AB - Although polyethylene glycol (PEG) is widely used for aggregating or fusing cells, the forces responsible for these interactions have remained elusive. Through a variety of techniques including quasi-elastic light scattering, surface force measurements, and 31P-NMR, we have established that while PEG of molecular weight 8000-10000 is effective in causing the aggregation of vesicles, PEG of lower or higher molecular weight (1000 and 18 500, respectively) is ineffective. For the first time, direct force measurements between lipid bilayers in solutions of 8000-10000 molecular weight reveal the existence of an attractive osmotic force due to a polymer depleted layer near the bilayer surface. Lower molecular weight PEG does not have a large enough size (Flory radius, RF) to generate a significant depletion force, while higher molecular weight PEG adsorbs sufficiently on the bilayer surfaces to eliminate the depletion attraction and produces a repulsive steric barrier to aggregation. The measured forces can be quantitatively described in terms of current theories of colloidal and polymer interactions. These findings suggest that the differential osmotic pressure produced by the depletion layer is responsible for vesicle aggregation and that fusion is promoted when the depletion pressure is strong enough to locally destabilize two membranes by possibly thinning them at their point of closest approach. The results provide a physicochemical basis for using PEG of certain molecular weights as fusogens for cells, liposomes, and vesicles.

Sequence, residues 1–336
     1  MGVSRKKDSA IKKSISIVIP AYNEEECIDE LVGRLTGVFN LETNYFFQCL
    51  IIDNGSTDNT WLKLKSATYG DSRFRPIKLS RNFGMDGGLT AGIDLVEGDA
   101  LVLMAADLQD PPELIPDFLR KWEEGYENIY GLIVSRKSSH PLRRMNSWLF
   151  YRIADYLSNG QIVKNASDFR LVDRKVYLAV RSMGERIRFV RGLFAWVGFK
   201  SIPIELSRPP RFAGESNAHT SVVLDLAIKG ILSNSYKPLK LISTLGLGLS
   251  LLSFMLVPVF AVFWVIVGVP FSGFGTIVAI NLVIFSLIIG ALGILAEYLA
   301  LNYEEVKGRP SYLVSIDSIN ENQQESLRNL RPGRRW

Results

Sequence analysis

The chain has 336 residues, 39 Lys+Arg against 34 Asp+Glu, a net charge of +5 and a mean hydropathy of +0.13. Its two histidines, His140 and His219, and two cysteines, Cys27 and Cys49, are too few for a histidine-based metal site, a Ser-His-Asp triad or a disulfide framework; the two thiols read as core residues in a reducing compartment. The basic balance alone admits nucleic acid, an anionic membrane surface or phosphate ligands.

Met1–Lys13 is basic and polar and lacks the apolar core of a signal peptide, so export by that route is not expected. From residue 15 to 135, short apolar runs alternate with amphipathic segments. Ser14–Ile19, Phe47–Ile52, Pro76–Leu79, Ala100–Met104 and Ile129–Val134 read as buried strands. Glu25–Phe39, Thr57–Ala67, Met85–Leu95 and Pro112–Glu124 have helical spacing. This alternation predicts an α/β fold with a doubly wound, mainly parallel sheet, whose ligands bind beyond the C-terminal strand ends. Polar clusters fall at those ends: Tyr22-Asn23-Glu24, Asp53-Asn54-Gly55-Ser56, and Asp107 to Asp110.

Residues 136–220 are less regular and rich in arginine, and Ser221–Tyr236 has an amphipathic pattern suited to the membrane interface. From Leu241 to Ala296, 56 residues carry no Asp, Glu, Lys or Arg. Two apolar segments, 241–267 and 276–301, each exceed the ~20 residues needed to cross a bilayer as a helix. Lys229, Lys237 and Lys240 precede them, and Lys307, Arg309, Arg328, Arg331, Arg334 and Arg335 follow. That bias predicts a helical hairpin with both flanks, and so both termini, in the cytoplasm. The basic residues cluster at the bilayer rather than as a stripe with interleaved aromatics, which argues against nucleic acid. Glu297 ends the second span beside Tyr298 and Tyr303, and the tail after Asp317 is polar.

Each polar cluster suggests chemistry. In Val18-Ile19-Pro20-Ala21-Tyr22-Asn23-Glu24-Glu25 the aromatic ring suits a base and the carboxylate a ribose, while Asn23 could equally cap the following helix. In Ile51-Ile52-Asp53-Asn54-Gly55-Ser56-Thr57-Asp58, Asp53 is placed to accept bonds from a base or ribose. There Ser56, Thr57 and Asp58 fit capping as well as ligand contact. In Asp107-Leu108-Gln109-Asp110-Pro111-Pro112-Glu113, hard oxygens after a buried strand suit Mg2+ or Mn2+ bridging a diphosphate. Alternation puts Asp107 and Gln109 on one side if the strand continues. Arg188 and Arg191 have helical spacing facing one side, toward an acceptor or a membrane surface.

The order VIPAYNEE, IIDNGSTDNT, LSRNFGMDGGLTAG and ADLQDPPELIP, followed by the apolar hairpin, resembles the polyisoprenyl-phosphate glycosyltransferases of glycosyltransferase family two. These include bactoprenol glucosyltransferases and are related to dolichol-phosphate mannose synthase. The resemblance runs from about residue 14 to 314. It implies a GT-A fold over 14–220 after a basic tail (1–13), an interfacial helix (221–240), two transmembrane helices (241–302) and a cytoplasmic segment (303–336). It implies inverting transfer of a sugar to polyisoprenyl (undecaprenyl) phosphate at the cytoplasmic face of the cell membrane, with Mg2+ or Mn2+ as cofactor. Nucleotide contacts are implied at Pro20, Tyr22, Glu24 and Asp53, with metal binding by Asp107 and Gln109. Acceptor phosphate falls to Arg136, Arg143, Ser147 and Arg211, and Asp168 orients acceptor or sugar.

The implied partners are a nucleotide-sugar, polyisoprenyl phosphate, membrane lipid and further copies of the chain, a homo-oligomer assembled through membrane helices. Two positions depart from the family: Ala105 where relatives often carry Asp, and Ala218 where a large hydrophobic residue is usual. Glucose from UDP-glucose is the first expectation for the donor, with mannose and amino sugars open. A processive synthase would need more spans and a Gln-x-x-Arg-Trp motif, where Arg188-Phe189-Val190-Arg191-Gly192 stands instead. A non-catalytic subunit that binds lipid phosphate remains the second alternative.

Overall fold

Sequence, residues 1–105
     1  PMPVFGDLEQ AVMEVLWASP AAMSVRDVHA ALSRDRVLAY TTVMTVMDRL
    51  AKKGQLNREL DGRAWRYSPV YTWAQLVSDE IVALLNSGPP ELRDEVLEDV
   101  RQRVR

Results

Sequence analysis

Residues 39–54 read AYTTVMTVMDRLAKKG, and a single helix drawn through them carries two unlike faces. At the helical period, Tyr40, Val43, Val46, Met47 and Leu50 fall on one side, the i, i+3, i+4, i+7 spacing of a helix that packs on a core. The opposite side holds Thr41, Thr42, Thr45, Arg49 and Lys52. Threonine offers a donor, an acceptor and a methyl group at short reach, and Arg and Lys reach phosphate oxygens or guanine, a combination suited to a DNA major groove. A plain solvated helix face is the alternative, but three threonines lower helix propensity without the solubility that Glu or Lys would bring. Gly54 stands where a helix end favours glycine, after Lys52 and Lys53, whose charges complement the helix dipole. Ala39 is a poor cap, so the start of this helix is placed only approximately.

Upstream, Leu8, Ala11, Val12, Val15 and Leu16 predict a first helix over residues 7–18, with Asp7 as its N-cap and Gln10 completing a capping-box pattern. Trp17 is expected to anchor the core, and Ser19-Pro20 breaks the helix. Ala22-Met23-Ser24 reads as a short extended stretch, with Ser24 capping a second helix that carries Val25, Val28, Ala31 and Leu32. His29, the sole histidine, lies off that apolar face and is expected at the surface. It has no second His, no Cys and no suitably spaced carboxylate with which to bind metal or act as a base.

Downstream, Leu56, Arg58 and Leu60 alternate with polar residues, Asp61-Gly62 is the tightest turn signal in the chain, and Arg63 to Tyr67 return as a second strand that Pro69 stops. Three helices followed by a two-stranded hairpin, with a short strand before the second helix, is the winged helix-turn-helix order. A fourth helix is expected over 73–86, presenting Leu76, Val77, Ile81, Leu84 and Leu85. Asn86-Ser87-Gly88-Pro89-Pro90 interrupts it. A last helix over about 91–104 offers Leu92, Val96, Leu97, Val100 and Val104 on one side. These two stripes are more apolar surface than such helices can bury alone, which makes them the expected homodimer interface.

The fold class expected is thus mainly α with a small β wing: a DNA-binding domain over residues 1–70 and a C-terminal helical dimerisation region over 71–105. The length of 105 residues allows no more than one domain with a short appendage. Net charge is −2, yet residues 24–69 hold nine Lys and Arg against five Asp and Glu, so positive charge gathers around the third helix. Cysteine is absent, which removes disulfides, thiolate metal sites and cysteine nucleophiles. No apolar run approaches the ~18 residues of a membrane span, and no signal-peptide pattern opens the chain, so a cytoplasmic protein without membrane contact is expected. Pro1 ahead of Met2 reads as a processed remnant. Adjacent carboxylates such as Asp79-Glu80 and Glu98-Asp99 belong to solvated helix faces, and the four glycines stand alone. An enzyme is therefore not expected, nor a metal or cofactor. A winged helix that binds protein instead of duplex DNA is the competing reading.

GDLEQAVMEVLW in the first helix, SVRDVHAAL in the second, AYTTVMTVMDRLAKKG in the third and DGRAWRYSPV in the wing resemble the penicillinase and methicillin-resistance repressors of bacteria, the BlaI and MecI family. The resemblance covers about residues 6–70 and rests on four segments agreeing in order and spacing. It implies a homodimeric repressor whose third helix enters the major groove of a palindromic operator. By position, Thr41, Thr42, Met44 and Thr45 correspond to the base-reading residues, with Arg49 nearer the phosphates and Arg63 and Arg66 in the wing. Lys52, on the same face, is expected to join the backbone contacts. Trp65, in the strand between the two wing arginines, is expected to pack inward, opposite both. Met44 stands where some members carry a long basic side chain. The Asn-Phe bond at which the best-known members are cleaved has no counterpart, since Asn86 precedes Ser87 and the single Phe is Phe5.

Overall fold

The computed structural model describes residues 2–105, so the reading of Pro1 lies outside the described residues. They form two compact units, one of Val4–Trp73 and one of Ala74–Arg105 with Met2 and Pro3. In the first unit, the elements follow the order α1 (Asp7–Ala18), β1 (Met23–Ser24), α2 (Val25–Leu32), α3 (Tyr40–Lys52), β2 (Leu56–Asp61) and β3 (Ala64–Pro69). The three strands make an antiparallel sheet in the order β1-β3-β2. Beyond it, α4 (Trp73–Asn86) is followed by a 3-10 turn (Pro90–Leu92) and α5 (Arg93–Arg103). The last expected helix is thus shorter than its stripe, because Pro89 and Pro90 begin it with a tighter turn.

UR - http://www.scopus.com/inward/record.url?scp=0001733884&partnerID=8YFLogxK

UR - http://www.scopus.com/inward/citedby.url?scp=0001733884&partnerID=8YFLogxK

M3 - Article

AN - SCOPUS:0001733884

VL - 12

SP - 3003

EP - 3014

JO - Langmuir

JF - Langmuir

SN - 0743-7463

IS - 12

ER -